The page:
The Revell box artwork is usually impressive enough and that’s the case here showing that immediately recognisable Porsche chassis profile shouting back at you in that great orange colour – sooo 1970s!
Let’s go inside
The kit is generally well moulded with the main chassis parts on bright orange sprues. Tak-ing the main components first, they are well tooled, fine recessed detail and adequate levels of deign across the board – a decent engine is included, made up from plenty of well-formed parts. I’m not sure that I would go to the trouble of painting it as supplied given its location but you can make your own mind up about that. For me, I would like to preserve the shape of that Porsche styling.
No distortion on the main parts is apparent and a dry fit of the multi-part main fuselage sec-tions suggests a decent fit; the initial impression is one of parts that will go to make up a nice representative model in 1:24 scale. No real evidence of excess flash on the parts sup-plied in this kit.
The interior is pretty well detailed, floor pan, seats, dash and other internals look pretty good and are moulded in a steely coloured plastic – we’ll see how well this works in practice. A roll cage is also included as you’d expect for the subject.
Grey spurs contain other parts like the disc brakes and also some engine parts – the latter being well detailed. A little oddly, no decals are supplied for the main instrument dials and that’s not going to be a quick remedy – either you’ll need to resort to your spares box or one of the aftermarket manufacturers.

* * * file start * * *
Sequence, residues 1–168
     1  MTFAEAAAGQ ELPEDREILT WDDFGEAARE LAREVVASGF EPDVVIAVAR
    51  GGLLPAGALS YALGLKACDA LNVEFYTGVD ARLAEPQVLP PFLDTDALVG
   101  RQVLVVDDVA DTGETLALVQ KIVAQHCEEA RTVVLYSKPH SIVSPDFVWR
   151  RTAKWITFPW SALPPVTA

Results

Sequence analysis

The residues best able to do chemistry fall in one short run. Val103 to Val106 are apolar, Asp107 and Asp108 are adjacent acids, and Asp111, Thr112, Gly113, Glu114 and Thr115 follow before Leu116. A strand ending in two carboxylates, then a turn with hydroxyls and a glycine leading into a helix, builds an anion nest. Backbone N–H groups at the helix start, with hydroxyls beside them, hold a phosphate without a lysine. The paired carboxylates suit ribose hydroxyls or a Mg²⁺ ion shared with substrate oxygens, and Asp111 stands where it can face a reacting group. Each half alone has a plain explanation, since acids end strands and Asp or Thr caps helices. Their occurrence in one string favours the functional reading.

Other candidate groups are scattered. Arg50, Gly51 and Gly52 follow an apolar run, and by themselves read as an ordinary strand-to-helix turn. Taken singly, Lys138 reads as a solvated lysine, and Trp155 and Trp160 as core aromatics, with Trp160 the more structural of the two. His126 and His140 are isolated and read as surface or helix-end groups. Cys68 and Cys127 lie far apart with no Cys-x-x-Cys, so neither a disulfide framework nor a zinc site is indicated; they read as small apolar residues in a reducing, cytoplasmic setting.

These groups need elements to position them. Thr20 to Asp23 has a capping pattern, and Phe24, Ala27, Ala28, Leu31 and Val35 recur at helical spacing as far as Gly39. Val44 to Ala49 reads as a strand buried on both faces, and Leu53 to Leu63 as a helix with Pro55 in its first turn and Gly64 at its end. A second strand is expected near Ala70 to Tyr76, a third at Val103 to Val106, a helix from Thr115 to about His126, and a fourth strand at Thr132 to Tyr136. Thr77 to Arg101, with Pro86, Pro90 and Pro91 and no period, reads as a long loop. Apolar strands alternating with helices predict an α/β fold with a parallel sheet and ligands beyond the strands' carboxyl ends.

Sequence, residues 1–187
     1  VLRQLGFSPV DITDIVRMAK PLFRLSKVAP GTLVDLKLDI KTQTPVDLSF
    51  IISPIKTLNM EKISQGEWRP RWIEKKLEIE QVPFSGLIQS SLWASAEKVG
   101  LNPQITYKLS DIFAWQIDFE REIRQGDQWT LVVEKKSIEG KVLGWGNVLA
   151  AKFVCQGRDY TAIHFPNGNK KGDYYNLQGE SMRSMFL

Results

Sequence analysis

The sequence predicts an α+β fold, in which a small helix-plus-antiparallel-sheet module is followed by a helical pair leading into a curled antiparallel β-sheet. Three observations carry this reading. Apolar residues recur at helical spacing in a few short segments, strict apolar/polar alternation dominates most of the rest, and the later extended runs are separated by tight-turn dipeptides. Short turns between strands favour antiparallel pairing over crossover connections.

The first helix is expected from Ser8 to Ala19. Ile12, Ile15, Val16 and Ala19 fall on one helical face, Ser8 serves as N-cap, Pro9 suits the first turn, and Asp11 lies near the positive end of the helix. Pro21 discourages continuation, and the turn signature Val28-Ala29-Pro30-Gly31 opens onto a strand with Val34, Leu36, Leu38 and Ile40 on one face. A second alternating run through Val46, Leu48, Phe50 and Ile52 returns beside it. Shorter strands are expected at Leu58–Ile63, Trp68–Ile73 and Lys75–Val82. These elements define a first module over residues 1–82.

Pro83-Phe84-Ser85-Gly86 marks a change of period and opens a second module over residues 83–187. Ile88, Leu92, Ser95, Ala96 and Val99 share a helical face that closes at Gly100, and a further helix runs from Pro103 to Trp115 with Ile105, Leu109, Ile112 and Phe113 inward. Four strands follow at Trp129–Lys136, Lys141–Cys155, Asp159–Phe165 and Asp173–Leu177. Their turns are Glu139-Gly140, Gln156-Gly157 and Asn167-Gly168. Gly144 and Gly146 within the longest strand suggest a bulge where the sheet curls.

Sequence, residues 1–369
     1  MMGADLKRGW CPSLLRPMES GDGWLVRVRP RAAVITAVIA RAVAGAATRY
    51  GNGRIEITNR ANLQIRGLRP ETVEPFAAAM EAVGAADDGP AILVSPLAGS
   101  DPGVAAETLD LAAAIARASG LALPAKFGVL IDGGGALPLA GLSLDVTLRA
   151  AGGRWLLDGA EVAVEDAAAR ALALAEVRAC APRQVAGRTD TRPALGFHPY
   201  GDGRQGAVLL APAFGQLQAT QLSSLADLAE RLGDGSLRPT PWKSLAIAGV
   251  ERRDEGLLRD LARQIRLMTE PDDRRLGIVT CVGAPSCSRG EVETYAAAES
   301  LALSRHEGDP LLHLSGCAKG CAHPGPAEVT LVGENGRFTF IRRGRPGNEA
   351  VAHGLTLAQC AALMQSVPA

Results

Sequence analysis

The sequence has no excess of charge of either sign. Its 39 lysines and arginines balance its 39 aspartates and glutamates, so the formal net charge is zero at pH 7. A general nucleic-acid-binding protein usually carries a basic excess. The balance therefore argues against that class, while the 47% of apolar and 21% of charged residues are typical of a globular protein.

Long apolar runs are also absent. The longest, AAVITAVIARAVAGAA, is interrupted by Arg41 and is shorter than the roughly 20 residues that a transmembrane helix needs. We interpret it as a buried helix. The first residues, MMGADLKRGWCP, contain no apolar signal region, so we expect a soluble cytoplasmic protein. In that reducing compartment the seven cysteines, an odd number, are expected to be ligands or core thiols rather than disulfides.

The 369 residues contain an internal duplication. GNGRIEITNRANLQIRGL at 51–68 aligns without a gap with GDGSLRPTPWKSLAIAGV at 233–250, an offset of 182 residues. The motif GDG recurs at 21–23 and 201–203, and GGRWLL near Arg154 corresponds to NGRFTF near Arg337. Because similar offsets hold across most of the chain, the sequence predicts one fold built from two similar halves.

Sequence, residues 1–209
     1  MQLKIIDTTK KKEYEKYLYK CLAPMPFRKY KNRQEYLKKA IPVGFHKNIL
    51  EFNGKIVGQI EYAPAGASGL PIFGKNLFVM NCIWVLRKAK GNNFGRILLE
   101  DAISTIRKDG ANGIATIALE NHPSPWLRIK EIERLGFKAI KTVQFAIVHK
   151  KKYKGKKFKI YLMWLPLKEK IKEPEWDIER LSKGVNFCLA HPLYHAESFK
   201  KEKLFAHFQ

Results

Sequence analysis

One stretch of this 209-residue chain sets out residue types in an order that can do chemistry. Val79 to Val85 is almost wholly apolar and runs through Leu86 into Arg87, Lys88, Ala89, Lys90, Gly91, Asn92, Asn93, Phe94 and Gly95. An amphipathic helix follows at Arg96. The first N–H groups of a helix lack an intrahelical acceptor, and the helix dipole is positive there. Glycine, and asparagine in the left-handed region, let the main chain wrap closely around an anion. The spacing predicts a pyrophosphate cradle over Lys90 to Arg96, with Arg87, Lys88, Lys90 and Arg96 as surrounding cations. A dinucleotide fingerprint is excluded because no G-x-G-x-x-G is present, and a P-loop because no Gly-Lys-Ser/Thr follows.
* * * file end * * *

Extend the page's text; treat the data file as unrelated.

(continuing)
The tyres are supplied as rubber items and I for one am fine with that. These are easily pre-pared and can be made to look very realistic – I’ll show you what I do when I get to the build that’s on the way. Or, you can look in your SMN Techniques Bank for a demo on how to tackle these items that modellers seem to love or hate!
Chrome plated wheels are supplied, as are the light casings. These parts rarely look realistic although I’ll reserve judgement on these specific wheels as their centres need to be a gold colour and it’s possible they may look good. See the build for the actual solution, it may be better to remove the chop plating and spray them as you like.
The clear parts look very clear and defect-free.
The instructions feature a colour and painting guidance and all in all the instructions are definitely a step forward for Revell.
Good quality of offer here. Markings in register and colour looks good and the scheme of-fered is for that excellent GT 53 Jägermeister racing car.
This is a great subject and it’s very good to have this 1:24 scale Porsche 934 RSR. This model will provide all model car fans, especially those with an interest in racing subjects with a great new addition to their collection.
The model itself looks to be well engineered from the dry/test-fit. Moulding is good and de-tail overall equally good.
SMN Quick summary Star rating out of 5
|FEATURE||STAR RATING (out of five)|
|Quality of moulding||****|
|Level of detail||***|